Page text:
Training camp is still six weeks away as the Cleveland Browns concluded their mini-camp last week. One of the biggest takeaways is the Browns have a quarterback competition again; just like every offseason since 1999. This time around, it is between second-year quarterback Cody Kessler, rookie DeShone Kizer, and veteran Brock Osweiler.
While Kessler was originally named the starter prior to OTAs and Osweiler wants people to watch his film from 2016, Kizer seems to be climbing the ranks faster than most expected. In fact, head coach Hue Jackson admitted that he’s emerging as an option for Week 1 this fall if he continues to learn the NFL game, both on and off the field, per cleveland.com’s Mary Kay Cabot.
“We already have some capable guys here in Brock and Cody, and we want to see if (Kizer) can compete with those guys. Obviously, there are some things he does really well, and there are some things where he’s still a young quarterback. He’s still learning, but he’s emerging. I do believe that. We’ll see how this all unfolds.”
At 6-foot-4, 233 pounds, Kizer has the ideal size of a franchise quarterback. The biggest problem is that his footwork is inconsistent, which leads to unwarranted mistakes. Although he seems to be studying the playbook when he’s not practicing, eating, or sleeping, the former Notre Dame quarterback still has plenty to learn. Luckily for the Browns, Kizer knows that and his doing his best to learn everything as fast as possible.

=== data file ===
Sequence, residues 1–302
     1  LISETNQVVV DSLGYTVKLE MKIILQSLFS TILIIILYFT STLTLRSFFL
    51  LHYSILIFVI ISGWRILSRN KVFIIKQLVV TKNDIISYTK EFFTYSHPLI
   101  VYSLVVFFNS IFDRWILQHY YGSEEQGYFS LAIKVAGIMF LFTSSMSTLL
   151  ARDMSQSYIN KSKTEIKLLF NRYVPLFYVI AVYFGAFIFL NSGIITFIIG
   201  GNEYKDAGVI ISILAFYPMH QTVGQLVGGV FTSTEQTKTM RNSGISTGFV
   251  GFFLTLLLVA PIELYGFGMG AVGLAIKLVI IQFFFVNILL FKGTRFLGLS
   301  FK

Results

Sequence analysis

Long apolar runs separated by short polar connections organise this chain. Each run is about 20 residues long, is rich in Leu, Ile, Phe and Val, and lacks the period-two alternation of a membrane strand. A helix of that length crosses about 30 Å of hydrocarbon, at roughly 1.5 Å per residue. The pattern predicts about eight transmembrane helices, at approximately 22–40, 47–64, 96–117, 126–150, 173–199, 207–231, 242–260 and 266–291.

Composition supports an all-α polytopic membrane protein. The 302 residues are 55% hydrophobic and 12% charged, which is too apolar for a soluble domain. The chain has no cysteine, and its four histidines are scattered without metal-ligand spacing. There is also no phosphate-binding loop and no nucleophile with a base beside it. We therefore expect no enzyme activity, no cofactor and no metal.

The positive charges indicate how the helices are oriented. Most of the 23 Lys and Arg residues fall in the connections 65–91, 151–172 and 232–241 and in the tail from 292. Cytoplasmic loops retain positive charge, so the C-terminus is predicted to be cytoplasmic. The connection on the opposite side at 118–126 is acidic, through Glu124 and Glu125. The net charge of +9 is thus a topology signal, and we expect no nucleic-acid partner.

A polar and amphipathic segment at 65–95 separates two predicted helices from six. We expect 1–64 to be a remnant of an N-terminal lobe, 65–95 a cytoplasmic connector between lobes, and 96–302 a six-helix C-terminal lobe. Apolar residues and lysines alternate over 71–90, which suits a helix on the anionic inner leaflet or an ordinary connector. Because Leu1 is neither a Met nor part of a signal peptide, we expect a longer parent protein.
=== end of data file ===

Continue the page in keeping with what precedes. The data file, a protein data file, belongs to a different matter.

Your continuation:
Jackson has a good history of getting rookie quarterbacks ready to start their rookie season, and Kizer may just be the next one to do the same. During OTAs, both Kessler and Kizer received reps with the first-team offense while Osweiler was mainly with the second-team. That right there says all you need to know about who has the top spots in the competition. Now, it’s all up to Kizer to see if he can improve his game in time for training camp, where he can impress the coaches again and maybe earn the starting nod for the season opener.
Sashi Brown admitted that he doesn’t want Jackson or the team to rush Kizer, but at this point, the team may have no choice. He may still need to develop his game, but they have to give the ball to the quarterback that gives them the best chance to win week and week out.
Just last week, quarterbacks coach David Lee raved about his rookie quarterback, and it seems as though Jackson has followed suit. To say that he made an impression during the short minicamp would be an understatement. Kizer has the chance to be the 27th quarterback to start behind center since 1999, and it may just happen sooner than many expected.